Saturday, November 30, 2013

Design of Antibiotics that Target Biotin Metabolism

 On November 15, there was a seminar about "Design of antibiotics that Target Biotin Metabolism" by Dr. Courtney Aldrich from University of Minnesota. His seminar was focused on the synthesis of new antibiotics for tuberculosis. He started the seminar by introducing how little interest he had in science in his college years; He couldn't find what he really wanted to study, so he had to change his major five times before he finally knew what he really wanted to study. He joked about if he had little more interested in science early back then, he should've got a basic idea of majoring in chemistry because his last name is Aldrich.
He talked about history of antibiotics and importance of it. Before 1930, you could die because there weren't many antibiotics. 1946-1960 was the golden age of antibiotics. But there isn't any new antibiotics after 1987, therefore, Dr. Aldrich is trying to design new antibiotics. He said there are two major strategies and challenges in antibacterial drug industry: Unbias-phenotypic whole-cell screening and biased-target-based rationale design. He is more focused on biased-target based rationale design. He mentioned the cofactor biosynthesis as drug target and explain the essential in a variety of biological processes and its selective to microorganisms.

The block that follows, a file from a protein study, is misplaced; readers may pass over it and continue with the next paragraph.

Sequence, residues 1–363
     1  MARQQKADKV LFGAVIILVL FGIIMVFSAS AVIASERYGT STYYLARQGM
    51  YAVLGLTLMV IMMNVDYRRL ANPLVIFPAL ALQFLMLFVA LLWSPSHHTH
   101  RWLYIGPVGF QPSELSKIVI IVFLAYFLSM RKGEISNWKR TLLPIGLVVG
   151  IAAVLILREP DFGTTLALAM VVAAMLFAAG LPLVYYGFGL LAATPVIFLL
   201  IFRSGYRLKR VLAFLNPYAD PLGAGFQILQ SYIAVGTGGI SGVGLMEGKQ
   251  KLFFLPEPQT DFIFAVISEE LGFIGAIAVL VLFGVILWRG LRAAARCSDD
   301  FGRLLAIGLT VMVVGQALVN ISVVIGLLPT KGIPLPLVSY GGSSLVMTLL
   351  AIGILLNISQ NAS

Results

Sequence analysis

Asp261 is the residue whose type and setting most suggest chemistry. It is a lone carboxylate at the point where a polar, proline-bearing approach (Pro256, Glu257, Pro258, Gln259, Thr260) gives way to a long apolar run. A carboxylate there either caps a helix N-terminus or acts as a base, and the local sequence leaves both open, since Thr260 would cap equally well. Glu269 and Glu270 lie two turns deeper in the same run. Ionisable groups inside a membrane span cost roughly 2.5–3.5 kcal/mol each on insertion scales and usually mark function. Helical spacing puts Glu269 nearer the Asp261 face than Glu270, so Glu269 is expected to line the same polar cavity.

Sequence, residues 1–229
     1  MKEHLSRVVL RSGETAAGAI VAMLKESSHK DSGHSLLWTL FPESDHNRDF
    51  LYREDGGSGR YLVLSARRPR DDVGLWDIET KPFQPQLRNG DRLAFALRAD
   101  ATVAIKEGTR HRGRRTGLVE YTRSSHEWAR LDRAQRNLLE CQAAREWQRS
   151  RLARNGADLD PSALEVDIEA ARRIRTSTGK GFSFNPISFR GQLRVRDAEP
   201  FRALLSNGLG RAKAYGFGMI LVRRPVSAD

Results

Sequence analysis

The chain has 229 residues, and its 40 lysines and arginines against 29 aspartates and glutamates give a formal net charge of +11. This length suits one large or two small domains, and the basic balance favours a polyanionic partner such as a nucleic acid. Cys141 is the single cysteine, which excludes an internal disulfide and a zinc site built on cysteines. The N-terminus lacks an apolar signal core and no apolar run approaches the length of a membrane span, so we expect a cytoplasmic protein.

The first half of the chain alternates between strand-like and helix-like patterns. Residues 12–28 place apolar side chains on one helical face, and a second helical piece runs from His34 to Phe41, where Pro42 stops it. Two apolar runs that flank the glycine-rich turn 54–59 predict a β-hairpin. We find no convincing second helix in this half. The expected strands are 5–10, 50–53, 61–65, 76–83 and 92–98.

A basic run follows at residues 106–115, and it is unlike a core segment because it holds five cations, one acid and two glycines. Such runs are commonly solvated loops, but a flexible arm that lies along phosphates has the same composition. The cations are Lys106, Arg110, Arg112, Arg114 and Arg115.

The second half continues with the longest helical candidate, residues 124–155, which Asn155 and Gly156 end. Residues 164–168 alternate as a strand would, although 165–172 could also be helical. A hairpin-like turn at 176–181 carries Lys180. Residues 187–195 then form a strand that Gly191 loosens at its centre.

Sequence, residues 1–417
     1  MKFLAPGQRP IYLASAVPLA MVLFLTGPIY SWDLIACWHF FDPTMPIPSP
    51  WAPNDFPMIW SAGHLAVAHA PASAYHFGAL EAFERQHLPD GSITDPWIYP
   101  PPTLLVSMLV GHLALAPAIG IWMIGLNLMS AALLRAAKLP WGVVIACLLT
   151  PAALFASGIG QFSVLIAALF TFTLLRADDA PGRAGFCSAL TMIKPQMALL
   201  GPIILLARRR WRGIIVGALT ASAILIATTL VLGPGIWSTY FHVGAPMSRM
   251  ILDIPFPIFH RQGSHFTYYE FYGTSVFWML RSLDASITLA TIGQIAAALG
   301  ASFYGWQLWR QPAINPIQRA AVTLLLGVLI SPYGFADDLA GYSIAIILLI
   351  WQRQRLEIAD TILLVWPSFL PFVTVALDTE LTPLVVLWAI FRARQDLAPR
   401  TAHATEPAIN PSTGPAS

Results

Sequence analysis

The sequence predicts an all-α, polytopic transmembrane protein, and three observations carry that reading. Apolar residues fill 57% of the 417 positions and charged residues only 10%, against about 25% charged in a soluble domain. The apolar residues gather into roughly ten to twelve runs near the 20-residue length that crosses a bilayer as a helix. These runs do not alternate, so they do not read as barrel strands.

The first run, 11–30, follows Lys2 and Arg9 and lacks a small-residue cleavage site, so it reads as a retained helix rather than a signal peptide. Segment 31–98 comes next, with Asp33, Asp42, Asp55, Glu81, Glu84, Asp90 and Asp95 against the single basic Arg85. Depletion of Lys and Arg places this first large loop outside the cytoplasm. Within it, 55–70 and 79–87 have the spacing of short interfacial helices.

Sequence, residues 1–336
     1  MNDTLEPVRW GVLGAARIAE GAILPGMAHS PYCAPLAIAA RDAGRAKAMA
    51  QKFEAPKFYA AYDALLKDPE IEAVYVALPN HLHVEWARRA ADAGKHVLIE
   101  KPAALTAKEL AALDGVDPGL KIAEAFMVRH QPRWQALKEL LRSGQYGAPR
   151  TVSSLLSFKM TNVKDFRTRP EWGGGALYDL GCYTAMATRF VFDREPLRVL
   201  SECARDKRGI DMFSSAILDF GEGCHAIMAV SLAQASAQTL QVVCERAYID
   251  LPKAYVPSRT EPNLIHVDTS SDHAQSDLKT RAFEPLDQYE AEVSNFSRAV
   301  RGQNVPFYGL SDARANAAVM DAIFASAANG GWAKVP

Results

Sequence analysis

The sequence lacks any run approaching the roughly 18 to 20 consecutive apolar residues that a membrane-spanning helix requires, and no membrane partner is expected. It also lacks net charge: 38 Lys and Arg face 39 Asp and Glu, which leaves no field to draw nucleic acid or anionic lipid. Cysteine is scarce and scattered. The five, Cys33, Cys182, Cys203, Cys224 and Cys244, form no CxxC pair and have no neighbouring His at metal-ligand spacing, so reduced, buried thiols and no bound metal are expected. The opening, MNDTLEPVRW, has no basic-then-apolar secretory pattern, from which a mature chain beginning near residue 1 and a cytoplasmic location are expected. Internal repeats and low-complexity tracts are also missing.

He, then, talked about Tubercuosis. Tuberculosis is cased by Mycobacterium tuberculosis, transmitted by soughing and sneezing, and leading cause of bacterial infectious disease mortality with 1.4 million death per year. I was very surprised when I heard this fact. He also showed synthesis of Tuberculosis, Amiclenomyclin(ACM), and aromatizoction inhibitor, and talked about different method testing and making antibiotics. However, I was only able to understand very few concept such as stability, pKa, configuration, basic synthesis that we learned in class, etc.
At the end, he summarized his seminar by three points: impact of BirA Expression Levels on Drug susceptibility by Dir Schanappinger, unpublished result: Target-based approaches have merit, but most have in vivo genetic validation: use of conditional mutants in certain situation. It was very great opportunity that I get to hear his seminar and talk to him in person, because I also want to be in chemistry research industry. He was very knowledgeable and very passionate of chemistry industrial. I learned more than I expected and willing to join more chemistry seminars next time. 


  1. I was impressed with his research focus because it is similar to that work I did when I was working with the National Institute of Health as a Post-baccalaureate research fellow. I am glad to see the impact of medicinal chemistry because I am considering going that route in the future. Also, currently working as a clinical technologist at a clinical toxicology industry, I was able to follow up with his lecture because such topic interest me.

  2. It sounds like this was an excellent lecture to attend. While I don't have any interest in developing drugs/antibiotics, I am fascinated with the synthesis and application of them. I also had NO idea that we haven't had any new antibiotics developed since 1987, and that really surprises me. I wish I had had the time to go to this lecture, it sounds like the lecturer was very informative and knowledgeable.